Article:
The Informer (Monrovia)

Liberia: Crime Fighters or Facilitators - Several Police Officers Still Under Probe for Criminal Facilitation

Segments of the public have insisted that elements of the Liberia National Police (LNP) are facilitating the commission of criminal activities in society, while the LNP is still investigating several officers for the very act.

Many of them alleged that police officers have connived with hard core criminals to commit armed robbery while several others including top officers were linked to drugs deals.

Insiders of the LNP also confirmed to this writer that "big police officers" were involved in the "protection of some drug dealers" because the act was in their interest. "Some of them really take in drugs and they are part of the drug syndicate," the insider, demanding anonymity, confided.

Though police authorities have persistently denied the public claim, several officers have in the past been disrobed for criminal and other unprofessional policing acts, while three members of the Crime Services Division are currently suspended for "facilitating crimes." The Crime Services Division of the LNP investigates crimes.

Police Chief Chris Massaquoi Thursday (Nov 8) frankly told journalists that "incidents of armed robbery have increased" in the country, especially in urban areas, and that "some" police officers were engaged in "facilitating criminal activities" in and around the capital.

Massaquoi took over the police months ago and warned armed robbers and criminals to come out and turn themselves over as he knew their hide outs. "We know where you are; we will come after you," he warned, giving an ultimatum and also threatened to punish any police officer who violate the ethics of professional policing.

He led a ghetto-raiding campaign in the capital and several other urban areas, arresting at least 500 suspected criminals, but public opinions has turned bitter against him and his men a recent wave of armed robberies that have sent terror in the spine of many.

The Inspector General has noted that criminals, especially armed robbers, are becoming sophisticated, carrying AK-47 riffles, while the police are facing logistic scarcity, but those accusing the police for failing to adequately do its job claim that element of the force were criminals.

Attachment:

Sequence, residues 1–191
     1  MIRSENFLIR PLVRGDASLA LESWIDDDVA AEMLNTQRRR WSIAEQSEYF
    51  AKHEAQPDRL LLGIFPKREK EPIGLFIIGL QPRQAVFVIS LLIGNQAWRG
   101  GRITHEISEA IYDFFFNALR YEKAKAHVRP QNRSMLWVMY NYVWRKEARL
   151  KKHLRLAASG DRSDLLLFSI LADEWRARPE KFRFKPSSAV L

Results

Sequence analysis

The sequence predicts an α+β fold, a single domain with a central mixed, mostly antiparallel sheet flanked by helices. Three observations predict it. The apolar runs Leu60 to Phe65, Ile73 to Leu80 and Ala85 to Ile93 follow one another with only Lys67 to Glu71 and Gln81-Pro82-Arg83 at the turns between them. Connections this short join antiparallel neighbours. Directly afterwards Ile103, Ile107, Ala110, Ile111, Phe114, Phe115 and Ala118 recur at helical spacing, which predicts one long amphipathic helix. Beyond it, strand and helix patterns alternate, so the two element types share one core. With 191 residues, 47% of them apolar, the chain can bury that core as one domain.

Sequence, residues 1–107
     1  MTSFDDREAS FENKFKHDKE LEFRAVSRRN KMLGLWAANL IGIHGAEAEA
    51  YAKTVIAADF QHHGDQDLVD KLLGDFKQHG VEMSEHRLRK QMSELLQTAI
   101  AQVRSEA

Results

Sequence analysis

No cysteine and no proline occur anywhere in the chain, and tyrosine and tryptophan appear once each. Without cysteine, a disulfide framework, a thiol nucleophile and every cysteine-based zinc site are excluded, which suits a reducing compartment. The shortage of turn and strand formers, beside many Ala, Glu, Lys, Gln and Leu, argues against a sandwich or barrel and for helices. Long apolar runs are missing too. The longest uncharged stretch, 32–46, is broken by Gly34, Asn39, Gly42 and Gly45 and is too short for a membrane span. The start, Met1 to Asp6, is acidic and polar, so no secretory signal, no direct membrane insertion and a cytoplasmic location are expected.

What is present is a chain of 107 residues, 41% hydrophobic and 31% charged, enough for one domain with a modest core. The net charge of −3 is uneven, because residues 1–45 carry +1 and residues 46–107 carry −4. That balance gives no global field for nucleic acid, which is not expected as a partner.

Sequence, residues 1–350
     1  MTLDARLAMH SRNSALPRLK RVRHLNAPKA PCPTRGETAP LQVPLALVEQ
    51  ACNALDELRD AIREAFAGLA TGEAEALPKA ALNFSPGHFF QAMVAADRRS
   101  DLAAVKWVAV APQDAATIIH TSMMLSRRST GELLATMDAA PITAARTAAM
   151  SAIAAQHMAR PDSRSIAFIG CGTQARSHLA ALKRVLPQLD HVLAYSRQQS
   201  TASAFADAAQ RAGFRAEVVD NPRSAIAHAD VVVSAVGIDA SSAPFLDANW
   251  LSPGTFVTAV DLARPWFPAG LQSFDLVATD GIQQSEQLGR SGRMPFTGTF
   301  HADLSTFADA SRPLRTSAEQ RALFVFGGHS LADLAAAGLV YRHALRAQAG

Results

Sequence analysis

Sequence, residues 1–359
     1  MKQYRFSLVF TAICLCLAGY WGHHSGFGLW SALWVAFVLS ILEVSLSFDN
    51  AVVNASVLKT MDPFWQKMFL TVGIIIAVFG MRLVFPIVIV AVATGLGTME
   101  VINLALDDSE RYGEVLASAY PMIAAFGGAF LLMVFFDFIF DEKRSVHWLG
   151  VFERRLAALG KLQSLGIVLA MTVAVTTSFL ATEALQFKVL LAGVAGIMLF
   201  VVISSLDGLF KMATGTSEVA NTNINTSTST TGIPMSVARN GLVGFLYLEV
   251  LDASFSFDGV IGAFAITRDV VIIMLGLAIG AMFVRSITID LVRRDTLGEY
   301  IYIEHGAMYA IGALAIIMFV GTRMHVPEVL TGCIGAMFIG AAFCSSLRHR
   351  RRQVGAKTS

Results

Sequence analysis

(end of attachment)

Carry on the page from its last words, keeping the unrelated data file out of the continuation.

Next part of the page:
"Some of the very police officers are criminals; how can these king of people help to fight crimes," said Joseph Knonungbo, a bike rider who is bitter with the police's 10pm curfew on motorcyclists. "Some of them can even tell the criminals where to go and how to do their thing; they are all in it together but they want to blame us," he said.

Massaquoi said "The LNP authorities have...suspended, for time indefinite, some members of the Crime Services Division for allegedly contributing to criminal behaviors in and around Monrovia." He noted that "these officers are being investigated and if found blameworthy will be prosecuted."

He continues: "We know we have offices in our midst that have serious misconduct problems, and we have been engaged with those problems. We have had complaints from the public and statistics will show that we have taken drastic action against our officers."

Police spokesman Lewis Norman confirmed to this writer yesterday (Nov 27) that the three officers (names withheld) suspended for allegedly facilitating crimes are still undergoing investigation. "The three officers are still undergoing investigation," he continued. "It is alleged they facilitated crimes...those who gave the information have to come and give more information."

Norman disclosed that some criminals were arrested and they were the ones who confessed that the three officers facilitated their alleged criminal deal.

Asked whether he was aware of and hearing the many complaints and allegation against the LNP, Norman responded in the affirmative. "It is their views and feeling; but we cannot do that; we are not involved in committing crimes against the public..."

Many people in the public continue to be apprehensive of the LNP's strength and commitment to fight crimes and are worrying what would security be when the UN peacekeeping troop leaves the country. "They should be fighting crimes, but instead they are facilitating criminals to cause havoc on us. Where are we going," an angry caller noted on a radio show.

Authorities at the Liberia National Police Training Academy told a police graduation ceremony that several of the recruits were dropped from the class because they were involved in criminal activities including illicit drug deals, and critics alleged that several of such cadets have successfully infiltrated the force.

"Those guys were just bad lucky, but several of them are in the force already and they get hard. Just look in some of their faces, you will know that they have taken in drugs," Catherine Blamo of Johnson Street claimed.

In spite of all the allegations and admissions, Massaquoi argued that on the contrary, the LNP has been very vigilant in the discharge of its duties, but noted that humanly it is not possible for the police to be everywhere at the same time when a crime is being perpetrated.

He called for more logistics and other necessities to enable the police effectively fight crimes, especially as armed robbers become increasingly sophisticated.

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